Associate Professor Michael Valenzuela says 12 per cent of dogs older than 10 develop a form of dementia similar to the type that affects humans.
“(It) has many parallels with human dementia in terms of memory loss, disorientation, agitation and also, at the level of pathology, many similarities in terms of Alzheimer plaques building up in the brain,” he told reporters at the Alzheimer’s Australia national conference in Hobart.
Dementia in dogs is more noticeable than in other animals because of the bond between the animals and their owners, he said.
“Probably the most common and the most telling sign is when dogs start to stare at walls or get stuck behind objects,” Assoc Prof Valenzuela said.
“One of the features that owners find most distressing is when they lose that sense of familiarity with the owner or recognising the owner, loss of that welcome-home behaviour.”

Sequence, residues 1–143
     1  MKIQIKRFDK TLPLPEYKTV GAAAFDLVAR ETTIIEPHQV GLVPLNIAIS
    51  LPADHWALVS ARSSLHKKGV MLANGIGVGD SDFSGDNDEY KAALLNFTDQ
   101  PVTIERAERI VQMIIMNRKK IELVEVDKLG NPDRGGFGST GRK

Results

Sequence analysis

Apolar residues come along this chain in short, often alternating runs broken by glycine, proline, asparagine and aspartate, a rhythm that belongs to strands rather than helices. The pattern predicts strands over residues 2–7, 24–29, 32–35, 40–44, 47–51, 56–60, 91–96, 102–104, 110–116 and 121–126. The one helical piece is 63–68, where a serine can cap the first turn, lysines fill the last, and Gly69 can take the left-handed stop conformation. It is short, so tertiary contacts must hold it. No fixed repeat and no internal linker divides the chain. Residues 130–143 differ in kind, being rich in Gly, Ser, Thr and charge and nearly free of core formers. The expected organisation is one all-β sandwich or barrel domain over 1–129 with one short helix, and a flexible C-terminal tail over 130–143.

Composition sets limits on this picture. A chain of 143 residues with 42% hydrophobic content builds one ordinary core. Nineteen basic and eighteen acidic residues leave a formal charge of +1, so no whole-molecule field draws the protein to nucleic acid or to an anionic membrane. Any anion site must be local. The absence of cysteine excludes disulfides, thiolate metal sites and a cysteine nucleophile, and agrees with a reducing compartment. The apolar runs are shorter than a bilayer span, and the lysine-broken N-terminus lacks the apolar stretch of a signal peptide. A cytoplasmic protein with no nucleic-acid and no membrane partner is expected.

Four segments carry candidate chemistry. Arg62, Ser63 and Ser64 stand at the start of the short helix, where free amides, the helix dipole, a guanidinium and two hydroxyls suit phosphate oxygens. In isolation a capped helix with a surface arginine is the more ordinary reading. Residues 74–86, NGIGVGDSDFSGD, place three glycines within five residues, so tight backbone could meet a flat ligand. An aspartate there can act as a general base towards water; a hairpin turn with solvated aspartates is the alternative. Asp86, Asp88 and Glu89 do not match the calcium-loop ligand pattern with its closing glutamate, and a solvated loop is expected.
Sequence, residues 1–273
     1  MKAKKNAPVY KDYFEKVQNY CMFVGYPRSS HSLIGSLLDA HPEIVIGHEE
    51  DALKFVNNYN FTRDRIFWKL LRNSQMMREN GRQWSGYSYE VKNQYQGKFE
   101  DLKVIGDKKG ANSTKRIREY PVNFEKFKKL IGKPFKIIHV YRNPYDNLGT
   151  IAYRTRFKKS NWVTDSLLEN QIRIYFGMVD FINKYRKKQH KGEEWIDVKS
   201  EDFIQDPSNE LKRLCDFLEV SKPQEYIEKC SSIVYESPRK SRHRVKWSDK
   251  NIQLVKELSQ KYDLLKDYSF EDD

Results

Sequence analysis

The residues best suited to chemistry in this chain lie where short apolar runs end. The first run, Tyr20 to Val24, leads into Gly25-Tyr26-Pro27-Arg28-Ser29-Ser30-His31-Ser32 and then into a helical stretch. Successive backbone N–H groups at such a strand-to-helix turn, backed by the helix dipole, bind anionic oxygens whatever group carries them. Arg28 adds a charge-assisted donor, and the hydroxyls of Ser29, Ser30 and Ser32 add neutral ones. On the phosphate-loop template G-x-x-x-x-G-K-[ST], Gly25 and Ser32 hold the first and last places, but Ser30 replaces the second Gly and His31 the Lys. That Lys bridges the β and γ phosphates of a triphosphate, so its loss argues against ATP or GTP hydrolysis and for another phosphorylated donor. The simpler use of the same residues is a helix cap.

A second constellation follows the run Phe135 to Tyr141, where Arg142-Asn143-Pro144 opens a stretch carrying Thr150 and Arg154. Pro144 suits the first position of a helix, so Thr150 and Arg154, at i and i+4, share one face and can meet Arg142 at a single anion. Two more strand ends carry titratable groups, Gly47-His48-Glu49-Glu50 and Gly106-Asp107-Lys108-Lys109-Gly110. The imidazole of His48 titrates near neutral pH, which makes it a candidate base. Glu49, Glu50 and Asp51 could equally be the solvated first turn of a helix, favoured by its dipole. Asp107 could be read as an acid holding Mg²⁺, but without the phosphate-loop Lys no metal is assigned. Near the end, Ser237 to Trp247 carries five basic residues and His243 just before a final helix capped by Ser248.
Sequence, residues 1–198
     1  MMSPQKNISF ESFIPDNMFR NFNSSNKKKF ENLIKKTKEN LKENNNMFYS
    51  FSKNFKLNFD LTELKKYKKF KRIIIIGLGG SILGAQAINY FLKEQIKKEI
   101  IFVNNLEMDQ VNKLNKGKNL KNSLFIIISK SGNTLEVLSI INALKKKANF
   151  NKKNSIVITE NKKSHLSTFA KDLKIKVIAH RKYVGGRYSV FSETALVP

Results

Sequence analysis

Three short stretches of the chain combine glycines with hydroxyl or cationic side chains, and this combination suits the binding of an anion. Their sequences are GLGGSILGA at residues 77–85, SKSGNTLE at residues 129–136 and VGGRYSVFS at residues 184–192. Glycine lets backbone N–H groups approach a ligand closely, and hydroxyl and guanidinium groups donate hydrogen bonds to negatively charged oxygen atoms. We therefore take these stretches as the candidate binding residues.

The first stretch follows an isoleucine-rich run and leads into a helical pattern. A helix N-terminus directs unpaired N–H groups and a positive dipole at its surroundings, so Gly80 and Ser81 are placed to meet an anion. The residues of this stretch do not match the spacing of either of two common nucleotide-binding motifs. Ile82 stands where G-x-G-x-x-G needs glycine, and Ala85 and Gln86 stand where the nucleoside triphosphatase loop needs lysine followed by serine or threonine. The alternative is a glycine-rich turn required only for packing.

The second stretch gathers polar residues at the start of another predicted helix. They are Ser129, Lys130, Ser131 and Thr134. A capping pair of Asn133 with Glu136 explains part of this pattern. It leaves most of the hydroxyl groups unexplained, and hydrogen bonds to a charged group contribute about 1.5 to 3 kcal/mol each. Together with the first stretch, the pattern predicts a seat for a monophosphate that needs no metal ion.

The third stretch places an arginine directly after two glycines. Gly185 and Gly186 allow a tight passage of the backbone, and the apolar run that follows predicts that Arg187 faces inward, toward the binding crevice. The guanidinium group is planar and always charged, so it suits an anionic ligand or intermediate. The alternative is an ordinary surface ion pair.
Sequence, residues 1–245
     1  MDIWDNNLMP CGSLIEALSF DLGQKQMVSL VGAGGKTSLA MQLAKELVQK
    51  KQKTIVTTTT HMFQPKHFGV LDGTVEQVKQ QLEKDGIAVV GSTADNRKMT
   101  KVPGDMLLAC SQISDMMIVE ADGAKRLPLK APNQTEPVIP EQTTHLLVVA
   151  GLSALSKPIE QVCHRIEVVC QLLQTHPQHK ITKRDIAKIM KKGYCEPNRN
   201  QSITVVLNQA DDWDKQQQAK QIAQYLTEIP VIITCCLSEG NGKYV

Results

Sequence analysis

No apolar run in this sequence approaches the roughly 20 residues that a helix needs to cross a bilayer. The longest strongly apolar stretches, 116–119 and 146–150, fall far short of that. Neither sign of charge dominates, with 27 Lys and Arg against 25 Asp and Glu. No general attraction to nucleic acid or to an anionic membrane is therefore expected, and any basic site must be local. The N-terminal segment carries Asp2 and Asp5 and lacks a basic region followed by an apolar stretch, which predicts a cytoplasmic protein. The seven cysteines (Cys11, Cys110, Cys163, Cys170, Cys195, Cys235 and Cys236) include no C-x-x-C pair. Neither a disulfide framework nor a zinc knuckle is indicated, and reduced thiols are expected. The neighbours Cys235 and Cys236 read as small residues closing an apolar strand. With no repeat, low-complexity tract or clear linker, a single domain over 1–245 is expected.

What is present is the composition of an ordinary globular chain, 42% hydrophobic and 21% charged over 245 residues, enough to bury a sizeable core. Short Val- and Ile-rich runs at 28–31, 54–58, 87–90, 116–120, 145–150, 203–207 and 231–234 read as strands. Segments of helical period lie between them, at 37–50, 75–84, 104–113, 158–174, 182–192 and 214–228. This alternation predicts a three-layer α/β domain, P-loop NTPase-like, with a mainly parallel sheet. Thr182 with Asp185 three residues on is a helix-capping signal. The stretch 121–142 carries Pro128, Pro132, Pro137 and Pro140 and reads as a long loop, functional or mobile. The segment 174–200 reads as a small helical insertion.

Researchers will grow a million cells from a skin sample near the dog’s stomach and transplant them into the hippocampus, the part of the brain that processes memory.
The university’s Brain and Mind Research Institute has been working on the project for five years and has already had success with rats with memory loss.
Dog owners have volunteered their pets for the next step, which begins with surgery next month.
“What we’re hoping is a few months later we’ll see a major improvement in their clinical syndrome,” Assoc Prof Valenzuela said.
“If we were to see that, then that would be convincing evidence to then go for a human clinical trial.”
That will take time, however.
“All things going well, I think it will be three to five years,” he said.
“It’s very early days, so we don’t want to give false hope because we don’t know what the outcomes will be.
“But at least we’re trialling something new, and I think in a way that will be genuinely informative about what could happen in the human condition.”